By Armen Zakarian in Prague, Hrant Aleksanian in Stepanakert and Shakeh Avoyan
The foreign ministers of Armenia and Azerbaijan were due to meet in Strasbourg late Wednesday for further peace talks that coincided with the tenth anniversary of a Russian-mediated ceasefire agreement that stopped the 1991-94 war for Nagorno-Karabakh.
The talks were scheduled to take place on the sidelines of a meeting of the Committee of Ministers, the main decision-making body of the Council of Europe. Vartan Oskanian and his recently appointed Azerbaijani counterpart Elmar Mamedyarov were to meet for the second time in two months in the presence of French, Russian and U.S. mediators.
“Our meeting has no agenda. The parties can bring up any issue,” Oskanian told RFE/RL from Strasbourg.
Oskanian said earlier that the two ministers will have “clear instructions” from their presidents on “putting the negotiations on a certain basis.” “We see positive movement and believe that there will be a continuation,” he told reporters in Yerevan.
Oskanian based his cautious optimism on a meeting in Warsaw late last month between Presidents Robert Kocharian and Ilham Aliev. Both leaders said the encounter was useful, but shed no light on chances of a peaceful resolution of the Karabakh conflict.
Mamedyarov said in Baku on April 30 that the two sides are currently discussing the possibility of a phased settlement that would lead to an Armenian withdrawal from Azerbaijani districts around Karabakh before an agreement on the disputed region's status. "We are discussing various ideas, including the option of opening the railway with Armenia in exchange for it pulling back from the seven districts of Azerbaijan it has occupied," he said.
Official Yerevan has until now insisted on a comprehensive peace accord that would resolve all contentious issues, including Karabakh’s status. “I see no point in discussing such an issue,” Oskanian said of Baku’s preferred strategy of conflict resolution.
The so-called step-by-step approach was strongly favored by Armenia’s previous leadership, with former President Levon Ter-Petrosian throwing his weight behind a corresponding peace proposal put forward by the American, French and Russian co-chairs of the OSCE Minsk Group in 1997. That position put Ter-Petrosian at loggerheads with his key ministers, including Kocharian, then prime minister.
Members of Ter-Petrosian’s inner circle on Wednesday again defended the phased settlement and accused the Kocharian administration of failing to deliver on its 1998 pledge to win international recognition of Karabakh’s de facto independence. One of them, former National Security Minister David Shahnazarian, said the Armenian side must be interested in a quick solution because time favors oil-rich Azerbaijan.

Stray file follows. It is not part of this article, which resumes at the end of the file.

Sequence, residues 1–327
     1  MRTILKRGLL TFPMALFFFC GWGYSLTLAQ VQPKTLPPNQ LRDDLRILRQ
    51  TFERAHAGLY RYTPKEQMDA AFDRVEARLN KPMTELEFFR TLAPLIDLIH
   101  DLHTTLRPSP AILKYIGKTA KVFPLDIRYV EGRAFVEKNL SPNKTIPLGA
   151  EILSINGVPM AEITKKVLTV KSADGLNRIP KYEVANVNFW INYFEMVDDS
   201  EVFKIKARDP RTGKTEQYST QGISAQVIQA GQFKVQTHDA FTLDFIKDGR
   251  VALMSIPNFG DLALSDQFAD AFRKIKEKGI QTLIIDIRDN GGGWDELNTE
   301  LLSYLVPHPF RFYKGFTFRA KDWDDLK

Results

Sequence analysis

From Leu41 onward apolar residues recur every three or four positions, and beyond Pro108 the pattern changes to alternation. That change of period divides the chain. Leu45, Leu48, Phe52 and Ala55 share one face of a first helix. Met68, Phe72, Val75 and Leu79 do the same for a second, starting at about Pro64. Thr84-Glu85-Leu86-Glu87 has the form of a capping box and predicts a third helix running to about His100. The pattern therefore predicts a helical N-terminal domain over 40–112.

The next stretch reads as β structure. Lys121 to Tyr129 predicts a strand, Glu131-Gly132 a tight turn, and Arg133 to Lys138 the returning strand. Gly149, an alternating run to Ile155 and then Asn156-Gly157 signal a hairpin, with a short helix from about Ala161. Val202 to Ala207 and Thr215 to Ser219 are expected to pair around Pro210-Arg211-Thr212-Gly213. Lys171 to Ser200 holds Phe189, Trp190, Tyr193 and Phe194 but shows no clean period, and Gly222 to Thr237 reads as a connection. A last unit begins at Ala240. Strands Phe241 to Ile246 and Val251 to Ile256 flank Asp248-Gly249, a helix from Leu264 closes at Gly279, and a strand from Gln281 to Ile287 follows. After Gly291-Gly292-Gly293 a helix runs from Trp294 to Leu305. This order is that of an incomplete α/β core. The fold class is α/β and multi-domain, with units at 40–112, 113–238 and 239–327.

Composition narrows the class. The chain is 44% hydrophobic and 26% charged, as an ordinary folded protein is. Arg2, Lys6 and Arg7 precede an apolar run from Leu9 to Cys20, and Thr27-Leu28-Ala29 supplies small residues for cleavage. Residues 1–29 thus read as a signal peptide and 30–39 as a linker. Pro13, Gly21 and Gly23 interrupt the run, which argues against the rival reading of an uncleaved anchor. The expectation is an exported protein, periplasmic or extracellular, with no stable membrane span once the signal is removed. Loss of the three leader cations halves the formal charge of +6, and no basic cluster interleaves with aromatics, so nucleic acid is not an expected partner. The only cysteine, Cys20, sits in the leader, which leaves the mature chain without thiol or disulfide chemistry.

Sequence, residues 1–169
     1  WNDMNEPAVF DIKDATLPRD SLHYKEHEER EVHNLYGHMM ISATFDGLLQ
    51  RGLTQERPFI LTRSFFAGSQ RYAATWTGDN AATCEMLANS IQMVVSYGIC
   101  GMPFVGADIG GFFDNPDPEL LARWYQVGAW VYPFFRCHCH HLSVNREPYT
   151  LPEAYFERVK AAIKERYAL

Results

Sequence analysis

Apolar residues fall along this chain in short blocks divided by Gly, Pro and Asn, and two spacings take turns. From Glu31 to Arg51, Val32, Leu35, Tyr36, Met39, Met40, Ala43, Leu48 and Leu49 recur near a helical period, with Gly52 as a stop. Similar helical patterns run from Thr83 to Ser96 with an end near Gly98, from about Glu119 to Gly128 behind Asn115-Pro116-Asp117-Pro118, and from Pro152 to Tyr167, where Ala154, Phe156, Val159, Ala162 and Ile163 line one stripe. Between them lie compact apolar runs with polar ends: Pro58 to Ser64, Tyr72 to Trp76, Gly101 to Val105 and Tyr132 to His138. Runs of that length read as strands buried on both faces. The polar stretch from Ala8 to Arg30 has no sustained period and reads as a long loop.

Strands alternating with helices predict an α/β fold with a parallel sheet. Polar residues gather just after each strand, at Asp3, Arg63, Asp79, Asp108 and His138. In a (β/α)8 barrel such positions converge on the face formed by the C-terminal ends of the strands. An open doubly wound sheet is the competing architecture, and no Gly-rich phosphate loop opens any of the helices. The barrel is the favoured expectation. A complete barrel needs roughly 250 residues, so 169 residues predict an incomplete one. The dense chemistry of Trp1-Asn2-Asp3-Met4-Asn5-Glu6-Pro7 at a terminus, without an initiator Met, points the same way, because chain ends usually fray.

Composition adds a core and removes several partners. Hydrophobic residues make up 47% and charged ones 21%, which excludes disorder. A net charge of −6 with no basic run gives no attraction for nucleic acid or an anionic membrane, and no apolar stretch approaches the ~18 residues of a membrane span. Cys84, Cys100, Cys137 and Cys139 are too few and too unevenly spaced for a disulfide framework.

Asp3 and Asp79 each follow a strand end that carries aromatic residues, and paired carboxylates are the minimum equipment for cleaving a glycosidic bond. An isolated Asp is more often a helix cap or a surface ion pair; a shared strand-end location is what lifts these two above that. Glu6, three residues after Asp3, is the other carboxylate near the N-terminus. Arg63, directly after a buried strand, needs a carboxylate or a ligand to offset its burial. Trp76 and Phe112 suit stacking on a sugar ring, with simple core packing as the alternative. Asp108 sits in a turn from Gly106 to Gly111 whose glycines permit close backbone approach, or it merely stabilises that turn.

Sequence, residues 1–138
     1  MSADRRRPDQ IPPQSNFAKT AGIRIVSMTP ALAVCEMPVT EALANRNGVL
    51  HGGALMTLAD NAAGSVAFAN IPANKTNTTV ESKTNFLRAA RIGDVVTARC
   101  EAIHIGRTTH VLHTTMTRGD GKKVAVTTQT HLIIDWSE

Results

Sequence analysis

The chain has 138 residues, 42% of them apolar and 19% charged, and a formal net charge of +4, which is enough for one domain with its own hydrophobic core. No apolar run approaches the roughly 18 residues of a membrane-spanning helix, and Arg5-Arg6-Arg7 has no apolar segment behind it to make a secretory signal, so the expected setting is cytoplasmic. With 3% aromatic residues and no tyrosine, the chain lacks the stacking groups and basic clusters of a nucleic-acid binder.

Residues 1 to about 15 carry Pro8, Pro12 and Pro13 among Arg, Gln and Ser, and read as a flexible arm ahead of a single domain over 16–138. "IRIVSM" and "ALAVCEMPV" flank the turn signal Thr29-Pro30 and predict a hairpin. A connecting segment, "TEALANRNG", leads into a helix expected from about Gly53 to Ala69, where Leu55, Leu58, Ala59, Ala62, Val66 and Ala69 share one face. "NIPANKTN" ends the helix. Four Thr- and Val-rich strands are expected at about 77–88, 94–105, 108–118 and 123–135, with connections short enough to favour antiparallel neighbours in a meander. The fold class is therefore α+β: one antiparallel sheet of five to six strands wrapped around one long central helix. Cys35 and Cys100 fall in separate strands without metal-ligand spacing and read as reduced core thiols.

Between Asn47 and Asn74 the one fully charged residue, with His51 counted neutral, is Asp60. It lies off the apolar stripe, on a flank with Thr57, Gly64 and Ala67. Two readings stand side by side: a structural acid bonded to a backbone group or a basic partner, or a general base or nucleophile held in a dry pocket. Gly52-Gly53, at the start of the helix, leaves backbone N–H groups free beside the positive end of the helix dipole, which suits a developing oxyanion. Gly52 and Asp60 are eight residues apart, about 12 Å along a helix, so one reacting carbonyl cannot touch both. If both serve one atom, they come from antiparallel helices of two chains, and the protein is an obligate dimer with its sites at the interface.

Joining calls for a compromise solution to the dispute was Per Gahrton, the European Parliament’s chief rapporteur on the South Caucasus. “It’s time for [the Armenian and Azerbaijani presidents] to take a jump from general talking to concrete proposals,” he said in Yerevan. “They must dare to come back to their peoples with compromises.”
“You never make peace with one party getting its demands fulfilled,” Gahrton added. “It’s impossible. Both parties must give up some of their demands.”
In Stepanakert, the Foreign Ministry of the unrecognized Nagorno-Karabakh Republic (NKR) called on Armenia and Azerbaijan as well as the international mediators to “reaffirm their commitment to maintaining the ceasefire regime.” A ministry statement said the conflicting parties should also consider signing a permanent “peace agreement” that would create an “atmosphere of trust” between them.
“I am convinced that our military personnel will continue to respect the ceasefire because we want it more [than Azerbaijan],” the deputy of the NKR Defense Army, General Vladik Khachatrian, told RFE/RL.
The ceasefire agreement was signed in Moscow on May 12, 1994 by the defense ministers of Armenia, Azerbaijan and Russia as well as the commander of the Karabakh Armenian forces. It formally came into force four days later, leaving the Armenian side in control of almost the whole of Karabakh and large swathes of territory in Azerbaijan proper. At least 20,000 people were killed and about one million others left homeless during two-and-a-half years of fierce fighting.
The agreement was preceded by the signing in Kyrgyzstan’s capital Bishkek on May, 1994 of an Armenian-Azerbaijani “protocol” that laid the groundwork for the truce. Former parliament speaker Babken Ararktsian, who signed the protocol on behalf of Armenia, said it followed nearly 20 hours of talks. “Resources were almost depleted and the parties realized that some way out needs to be found,” he recalled at a news conference.
“I consider this a great achievement first of all because the mass human losses suffered by both the Armenians and the Azerbaijanis were effectively stopped,” said Shahnazarian.
Azerbaijan’s Aliev, meanwhile, marked the 10th anniversary of the end of fighting by saying his country's army is prepared to go to war to win back Karabakh. "We must increase our military potential,” he said, according to AFP. “Our army is able at any moment to free our territory. We have every right to do that, to restore our territorial integrity, and international law is on our side since Armenia violated all international norms.”
Aliev, who was speaking as he inspected a military base in the Nakhichevan exclave, added that government expenditure on Azerbaijan's military is increasing each year, “and it will keep increasing in the future.”
(Photolur photo: Karabakh soldiers parading in Stepanakert in 2002.)